Let It Go!

I just felt compelled to take a moment and share what’s laying on my heart this evening.

It’s a matter of forgiveness. If I had to guess, I would feel safe in assuming that most of you who will take the time to read this post have been harmed by another. Allow me to go a little further… I great portion of you still carry a very heavy load caused by unresolved circumstances.

Families are separated and friendships are severed all because we tend to allow the pain of what someone either said or did to rule over us. We can’t understand how someone, who would purposefully harm us, could possibly merit a reprieve. In our mind, that person could never deserve any sort of blessing from us.

I’m not going to go on and on about this. The bottom line is, we’ve all been hurt. Some have experienced deeper scars than others but nonetheless, we’ve all been on the receiving end of pain. While we each naturally view these episodes as tragedy, I’d like to encourage you to take a step back and try to see things differently. Could it be that what you’ve experienced is God’s opportunity for you to become a little more like His son? Could what you’ve had to endure be the gateway of fulfilling the Father’s will for your life?

Quickly take a look at Joseph… Betrayed by his brothers, sold into slavery, falsely accused of inappropriate behavior, thrown into prison and forgotten about. Yet all the while, he never harbored a grudge. His willingness to forgive resulted in the survival of his family; Not only physically but emotionally.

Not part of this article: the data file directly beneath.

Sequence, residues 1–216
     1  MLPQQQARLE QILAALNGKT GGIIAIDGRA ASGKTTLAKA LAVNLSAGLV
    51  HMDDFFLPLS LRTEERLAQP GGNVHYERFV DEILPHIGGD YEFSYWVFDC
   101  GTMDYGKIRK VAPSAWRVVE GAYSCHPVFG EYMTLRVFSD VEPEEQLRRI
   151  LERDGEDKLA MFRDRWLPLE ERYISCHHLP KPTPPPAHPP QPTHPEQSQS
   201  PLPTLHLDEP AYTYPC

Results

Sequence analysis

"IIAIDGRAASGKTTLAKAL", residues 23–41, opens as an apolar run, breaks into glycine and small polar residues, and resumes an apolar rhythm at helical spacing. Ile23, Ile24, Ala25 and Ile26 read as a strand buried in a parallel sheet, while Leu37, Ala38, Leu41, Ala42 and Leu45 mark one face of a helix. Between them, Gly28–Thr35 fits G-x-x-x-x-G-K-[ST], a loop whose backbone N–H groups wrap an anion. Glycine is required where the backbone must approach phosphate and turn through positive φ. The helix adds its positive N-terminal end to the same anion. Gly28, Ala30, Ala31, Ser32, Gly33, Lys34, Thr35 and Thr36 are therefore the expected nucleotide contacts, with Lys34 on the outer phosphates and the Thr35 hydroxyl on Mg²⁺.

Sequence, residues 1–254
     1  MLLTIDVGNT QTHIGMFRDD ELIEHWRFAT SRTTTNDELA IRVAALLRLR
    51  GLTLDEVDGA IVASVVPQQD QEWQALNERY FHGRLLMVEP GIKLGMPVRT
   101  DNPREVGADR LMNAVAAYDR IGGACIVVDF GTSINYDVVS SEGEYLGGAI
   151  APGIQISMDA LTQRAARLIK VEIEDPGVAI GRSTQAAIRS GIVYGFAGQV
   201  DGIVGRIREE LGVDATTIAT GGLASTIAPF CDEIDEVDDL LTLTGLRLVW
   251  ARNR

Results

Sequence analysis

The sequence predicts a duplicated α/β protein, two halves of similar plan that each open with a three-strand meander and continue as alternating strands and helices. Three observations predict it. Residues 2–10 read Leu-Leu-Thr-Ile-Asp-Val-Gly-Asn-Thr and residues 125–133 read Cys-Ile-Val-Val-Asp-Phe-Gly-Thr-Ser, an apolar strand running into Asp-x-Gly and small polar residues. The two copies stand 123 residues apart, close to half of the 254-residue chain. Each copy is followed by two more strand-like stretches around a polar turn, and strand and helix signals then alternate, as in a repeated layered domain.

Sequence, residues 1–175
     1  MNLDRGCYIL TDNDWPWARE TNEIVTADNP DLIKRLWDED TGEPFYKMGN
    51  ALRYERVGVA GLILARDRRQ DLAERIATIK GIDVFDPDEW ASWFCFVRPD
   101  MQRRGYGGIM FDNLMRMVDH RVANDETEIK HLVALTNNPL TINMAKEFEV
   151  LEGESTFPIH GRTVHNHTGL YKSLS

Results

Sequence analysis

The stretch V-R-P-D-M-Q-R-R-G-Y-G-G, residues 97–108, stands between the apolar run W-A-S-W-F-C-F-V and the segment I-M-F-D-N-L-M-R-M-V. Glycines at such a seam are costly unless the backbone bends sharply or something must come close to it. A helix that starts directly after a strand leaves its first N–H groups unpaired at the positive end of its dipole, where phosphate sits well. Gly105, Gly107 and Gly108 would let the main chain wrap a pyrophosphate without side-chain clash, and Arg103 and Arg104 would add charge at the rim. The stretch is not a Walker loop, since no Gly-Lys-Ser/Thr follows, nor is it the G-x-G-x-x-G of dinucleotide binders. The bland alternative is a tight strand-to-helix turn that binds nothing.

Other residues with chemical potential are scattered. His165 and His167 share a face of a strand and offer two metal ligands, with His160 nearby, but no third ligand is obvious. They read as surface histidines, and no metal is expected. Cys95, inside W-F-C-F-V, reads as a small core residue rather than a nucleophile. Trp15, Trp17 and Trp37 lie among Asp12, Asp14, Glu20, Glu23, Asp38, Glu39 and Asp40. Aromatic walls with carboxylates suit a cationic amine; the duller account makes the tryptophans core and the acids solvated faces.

What could your decision to forgive a transgressor create in your life? Could it change the landscape of the holidays this year? Could your willingness to pardon a wrong begin much needed healing in your family tree?

Who do you need to call? What kind of letter do you need to draft? When will you decide that the enemy is going to be the loser?

Let it go…

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About Chris Allman

I'm one of the millions who have experienced the repercussion of my sinful past. Unlike many, through Christ, I have recognized that the path before me does not have to be determined by the path behind. I have experienced the sweet forgiveness of God and have therefore chosen to walk in that forgiveness. Forgiving self is a day to day task and I believe that's why His mercies are new every morning. I pray that this daily reminder that we can choose to begin living today like we wish we'd lived in the past will be a solace for many who struggle with those things they wish they hadn't done.
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8 Responses to Let It Go!

  1. Glenda says:

    Thank you for this, Chris! I’m so thankful that God has seen fit to forgive me for all the wrongs in my life, and I feel that the best way to thank Him for that forgiveness is to pass it along to others along the way.